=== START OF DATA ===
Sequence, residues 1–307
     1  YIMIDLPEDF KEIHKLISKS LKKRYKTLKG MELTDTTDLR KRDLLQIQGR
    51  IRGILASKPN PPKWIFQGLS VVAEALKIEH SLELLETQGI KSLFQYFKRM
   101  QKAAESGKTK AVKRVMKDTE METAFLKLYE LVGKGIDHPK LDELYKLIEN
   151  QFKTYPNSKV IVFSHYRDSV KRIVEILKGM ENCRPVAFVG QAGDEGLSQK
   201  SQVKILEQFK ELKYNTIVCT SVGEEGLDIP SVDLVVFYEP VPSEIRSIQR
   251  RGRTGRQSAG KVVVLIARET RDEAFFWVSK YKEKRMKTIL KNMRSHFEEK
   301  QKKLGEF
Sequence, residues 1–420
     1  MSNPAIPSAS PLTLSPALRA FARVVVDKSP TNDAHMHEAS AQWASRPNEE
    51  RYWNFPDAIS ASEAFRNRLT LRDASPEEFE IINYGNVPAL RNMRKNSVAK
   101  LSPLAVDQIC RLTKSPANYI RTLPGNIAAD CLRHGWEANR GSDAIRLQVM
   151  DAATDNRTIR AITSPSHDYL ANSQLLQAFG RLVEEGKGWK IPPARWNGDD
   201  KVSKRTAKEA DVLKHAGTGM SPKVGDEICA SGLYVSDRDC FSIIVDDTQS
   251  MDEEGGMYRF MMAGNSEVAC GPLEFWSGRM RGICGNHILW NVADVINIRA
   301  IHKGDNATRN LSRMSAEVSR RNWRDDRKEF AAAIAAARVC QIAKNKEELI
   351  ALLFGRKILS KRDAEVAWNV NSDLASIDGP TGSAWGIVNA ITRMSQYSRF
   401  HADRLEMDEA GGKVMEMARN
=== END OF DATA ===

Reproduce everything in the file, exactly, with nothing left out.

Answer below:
Sequence, residues 1–307
     1  YIMIDLPEDF KEIHKLISKS LKKRYKTLKG MELTDTTDLR KRDLLQIQGR
    51  IRGILASKPN PPKWIFQGLS VVAEALKIEH SLELLETQGI KSLFQYFKRM
   101  QKAAESGKTK AVKRVMKDTE METAFLKLYE LVGKGIDHPK LDELYKLIEN
   151  QFKTYPNSKV IVFSHYRDSV KRIVEILKGM ENCRPVAFVG QAGDEGLSQK
   201  SQVKILEQFK ELKYNTIVCT SVGEEGLDIP SVDLVVFYEP VPSEIRSIQR
   251  RGRTGRQSAG KVVVLIARET RDEAFFWVSK YKEKRMKTIL KNMRSHFEEK
   301  QKKLGEF
Sequence, residues 1–420
     1  MSNPAIPSAS PLTLSPALRA FARVVVDKSP TNDAHMHEAS AQWASRPNEE
    51  RYWNFPDAIS ASEAFRNRLT LRDASPEEFE IINYGNVPAL RNMRKNSVAK
   101  LSPLAVDQIC RLTKSPANYI RTLPGNIAAD CLRHGWEANR GSDAIRLQVM
   151  DAATDNRTIR AITSPSHDYL ANSQLLQAFG RLVEEGKGWK IPPARWNGDD
   201  KVSKRTAKEA DVLKHAGTGM SPKVGDEICA SGLYVSDRDC FSIIVDDTQS
   251  MDEEGGMYRF MMAGNSEVAC GPLEFWSGRM RGICGNHILW NVADVINIRA
   301  IHKGDNATRN LSRMSAEVSR RNWRDDRKEF AAAIAAARVC QIAKNKEELI
   351  ALLFGRKILS KRDAEVAWNV NSDLASIDGP TGSAWGIVNA ITRMSQYSRF
   401  HADRLEMDEA GGKVMEMARN